Weekly Axis Of Easy #105
THE RULES: No searching up the answer, must be posted in the comments below:
The Prize: First person to post, gets their next domain or hosting renewal on us.
This week’s issue in memoriam of Edelgard Magerette Jeftovic nee Haese Aug 26, 1930 – July 12, 2019. Together with my dad, the two people most responsible for my unwavering, staunchly anti-war stance. My parents grew up on opposite sides of WWII, my father an RAF Spitfire pilot, my mother a schoolgirl in Nazi Germany. Large swaths of both their families were consumed by the war and what they both taught me about history gave me a unique perspective that leads to the inescapable conclusion: War is a racket
Apple to Zoom: You didn’t fix it, so we did
Google listens to recordings of conversations in your home
Western tech giants helping to build China’s surveillance state
Canada Revenue Agency shares tax data with US IRS
25 million Android phones infected by Agent Smith rogue adware
Steve Wozniak: Delete your Facebook accounts
Yep, that supicious Paypal phish you received came through one of our servers
As reported last week, Zoom clients on Mac OSX devices left users open to RCE attacks, and the security researcher who reported it was underwhelmed with the way Zoom handled it, both in the slowness of their response, and the fact that he could still figure out a workaround that circumvented their fix.
Apple decided to take things into their own hands and pushed a silent update out to all OSX devices that removes the Zoom web server. Apple’s fix does not interfere with the operation of the Zoom client but eliminates the vulnerability.
Google has admitted that they employ natural language experts who listen to a “small number of anonymous recordings” garnered from Google speakers deployed around the world. The “snippets” are transcribed and then they are used to train Google’s AI. The only thing anybody should be surprised by in this news is that it is an ostensibly “small” number of recordings (what would be a small number when operating at Google scale?).
It still boggles my mind why anybody would have any of these devices that record activity in your home and then report telemetry back to their mothership. I guess it’s as the 1980’s punk legends The Dead Kennedy’s called their 5th record, “Give me Convenience or Give me Death”.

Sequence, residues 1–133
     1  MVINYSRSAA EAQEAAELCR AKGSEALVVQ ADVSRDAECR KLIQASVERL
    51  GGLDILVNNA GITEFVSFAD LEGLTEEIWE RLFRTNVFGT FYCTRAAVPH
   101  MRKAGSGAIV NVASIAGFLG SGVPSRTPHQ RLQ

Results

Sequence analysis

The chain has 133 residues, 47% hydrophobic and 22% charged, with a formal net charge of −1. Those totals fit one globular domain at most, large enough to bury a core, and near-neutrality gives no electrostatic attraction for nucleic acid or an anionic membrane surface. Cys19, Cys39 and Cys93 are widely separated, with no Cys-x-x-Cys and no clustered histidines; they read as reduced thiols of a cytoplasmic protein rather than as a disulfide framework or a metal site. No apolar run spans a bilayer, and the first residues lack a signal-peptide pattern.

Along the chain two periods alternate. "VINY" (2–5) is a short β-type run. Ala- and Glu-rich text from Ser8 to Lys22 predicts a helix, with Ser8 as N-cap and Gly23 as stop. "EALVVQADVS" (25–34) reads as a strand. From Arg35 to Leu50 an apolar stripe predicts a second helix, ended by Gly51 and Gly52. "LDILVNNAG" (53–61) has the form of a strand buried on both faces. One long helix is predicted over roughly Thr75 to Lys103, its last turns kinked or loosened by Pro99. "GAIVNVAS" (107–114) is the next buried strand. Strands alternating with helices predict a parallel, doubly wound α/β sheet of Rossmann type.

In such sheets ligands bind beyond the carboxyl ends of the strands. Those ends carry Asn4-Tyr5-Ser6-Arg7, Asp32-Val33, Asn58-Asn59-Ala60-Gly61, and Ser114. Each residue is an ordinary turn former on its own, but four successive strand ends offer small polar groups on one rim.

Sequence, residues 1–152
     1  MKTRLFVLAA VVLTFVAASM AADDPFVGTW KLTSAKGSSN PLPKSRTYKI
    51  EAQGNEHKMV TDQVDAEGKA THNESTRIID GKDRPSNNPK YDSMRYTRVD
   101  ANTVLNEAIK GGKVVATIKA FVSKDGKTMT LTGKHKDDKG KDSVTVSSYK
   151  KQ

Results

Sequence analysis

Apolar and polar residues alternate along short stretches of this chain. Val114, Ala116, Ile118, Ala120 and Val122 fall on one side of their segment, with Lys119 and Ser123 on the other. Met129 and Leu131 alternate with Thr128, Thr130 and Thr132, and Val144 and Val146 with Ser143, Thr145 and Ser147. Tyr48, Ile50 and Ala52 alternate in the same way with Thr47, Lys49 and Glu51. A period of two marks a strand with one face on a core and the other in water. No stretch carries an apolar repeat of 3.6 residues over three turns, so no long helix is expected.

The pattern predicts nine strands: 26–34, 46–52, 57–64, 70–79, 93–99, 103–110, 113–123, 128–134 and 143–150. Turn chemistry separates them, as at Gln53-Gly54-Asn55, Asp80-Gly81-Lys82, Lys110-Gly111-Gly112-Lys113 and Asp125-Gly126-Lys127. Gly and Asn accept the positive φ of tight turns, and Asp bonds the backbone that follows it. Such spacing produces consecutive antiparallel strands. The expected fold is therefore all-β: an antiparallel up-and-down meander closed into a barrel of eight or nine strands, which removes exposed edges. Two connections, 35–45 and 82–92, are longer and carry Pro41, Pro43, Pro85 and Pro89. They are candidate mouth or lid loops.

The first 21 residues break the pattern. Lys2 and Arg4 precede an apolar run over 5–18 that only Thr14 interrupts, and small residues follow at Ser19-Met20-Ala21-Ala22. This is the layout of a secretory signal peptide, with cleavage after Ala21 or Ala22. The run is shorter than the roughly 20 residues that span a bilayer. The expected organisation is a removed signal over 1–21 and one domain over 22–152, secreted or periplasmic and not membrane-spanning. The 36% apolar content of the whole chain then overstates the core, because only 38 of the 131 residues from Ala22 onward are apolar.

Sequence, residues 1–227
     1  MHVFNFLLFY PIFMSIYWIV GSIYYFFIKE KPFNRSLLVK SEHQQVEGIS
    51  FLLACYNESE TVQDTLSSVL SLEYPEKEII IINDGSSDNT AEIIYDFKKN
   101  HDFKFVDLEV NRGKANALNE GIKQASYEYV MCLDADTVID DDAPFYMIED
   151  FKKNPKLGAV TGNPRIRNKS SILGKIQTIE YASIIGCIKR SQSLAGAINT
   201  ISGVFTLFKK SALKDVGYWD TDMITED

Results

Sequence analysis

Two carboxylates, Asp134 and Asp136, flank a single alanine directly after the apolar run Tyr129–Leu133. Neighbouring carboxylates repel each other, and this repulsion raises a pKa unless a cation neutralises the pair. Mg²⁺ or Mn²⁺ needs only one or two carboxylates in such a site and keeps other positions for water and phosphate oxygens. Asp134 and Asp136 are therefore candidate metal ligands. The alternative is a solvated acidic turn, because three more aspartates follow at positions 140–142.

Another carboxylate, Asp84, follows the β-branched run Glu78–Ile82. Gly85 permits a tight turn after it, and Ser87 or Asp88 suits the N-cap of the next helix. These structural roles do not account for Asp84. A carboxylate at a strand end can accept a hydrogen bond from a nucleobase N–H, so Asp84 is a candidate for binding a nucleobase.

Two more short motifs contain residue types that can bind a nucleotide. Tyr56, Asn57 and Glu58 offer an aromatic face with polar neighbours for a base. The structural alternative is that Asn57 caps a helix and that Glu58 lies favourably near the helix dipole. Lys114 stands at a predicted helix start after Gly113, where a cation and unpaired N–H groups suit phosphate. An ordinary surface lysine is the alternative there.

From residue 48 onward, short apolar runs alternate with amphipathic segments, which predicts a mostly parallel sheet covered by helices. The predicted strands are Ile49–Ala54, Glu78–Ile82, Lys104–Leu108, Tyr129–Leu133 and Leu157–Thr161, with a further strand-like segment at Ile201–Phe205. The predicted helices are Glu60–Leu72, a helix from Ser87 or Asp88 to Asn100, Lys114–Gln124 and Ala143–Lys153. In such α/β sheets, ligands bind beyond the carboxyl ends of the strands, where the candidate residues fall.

Charles Hugh Smith picked up on a couple of threads from last week’s #AxisOfEasy and expanded on them in his essay “Alexa, How Do We Subvert Big Tech’s Orwellian Internet-of-Things Surveillance?” which loops back around to this item quite nicely.
For those who wonder why I incessantly brood over being surveilled by Western tech giants who want nothing more than to target us with the perfect ad at the perfect time, it’s because of what I see many of these same companies doing over in China, where the State is refining the art of total surveillance and authoritarian control to a precision framework that automates obedience and penalizes noncompliance.
The Intercept looks at The Open Foundation, a non-profit lead by Google and IBM that is working with China’s Semptian to implement a Surveillance-as-a-Service platform called “Aegis”. The dictionary definitions of the word aegis mean: 1) Protection, 2) Sponsorship, patronage, and 3) Guidance, direction or control. Perfectly apt. Look at the demonstration video the Intercept’s undercover reporters managed to garner from the Semptian sales rep.
If you think what’s happening in China won’t be attempted here in due course, in its own Westernized style, then I’m going to accuse you of being pathologically naive and I think you should get that looked at.
FYI: In 2014 the Canadian and US governments signed an Intergovernmental Agreement to share tax data on residents on an annual basis. Under the agreement the governments share data on local residents of each other’s countries who have bank accounts with balances over $50,000. In 2017, for example, that penciled out to 700,000 records that the Canada Revenue Agency sent to their US counterparts.
Researchers have issued a warning about a new Android phone variant called “Agent Smith”, it replaces apps on your phone with fake ones that display rogue advertisements. The malware is tied to China and is targeting users in India, Pakistan and other parts of Asia. So far approximately 25 million handsets are estimated to be infected.
The malware is exploiting older known vulnerabilities, like one called “Janus” which dates back to 2017. So if you’re running an Android phone, make sure it’s fully patched. This is sure to wind up here at some point.
In this brief, seemingly impromptu interview, it appears as if a TMZ reporter crossed paths with Apple co-founder Steve Wozniak in an airport and got him to opine on the privacy issues around social media apps like Instagram and Facebook. The Woz’s upshot? “People think they have a level of privacy that they don’t”
While he concedes that for some people, the benefits of being on social media outweigh the loss of privacy, for most of us, we should “figure out a way to get off Facebook”.
*Sigh*. On Saturday we started getting reports that some clients were receiving a purported Paypal email about “a supicious transaction” which was, of course, a phish, and it came from one of our servers, iem .easydns .com. As soon as we realized the problem we pulled the plug on IEM. It was an old email CRM system we used to use to send customers emails which should have been mothballed, but it wasn’t. The data exposed were approximately 16K email addresses (split across easyDNS and Zoneedit) that we once exported to IEM for a broadcast. No other data was affected.
Still sucks though….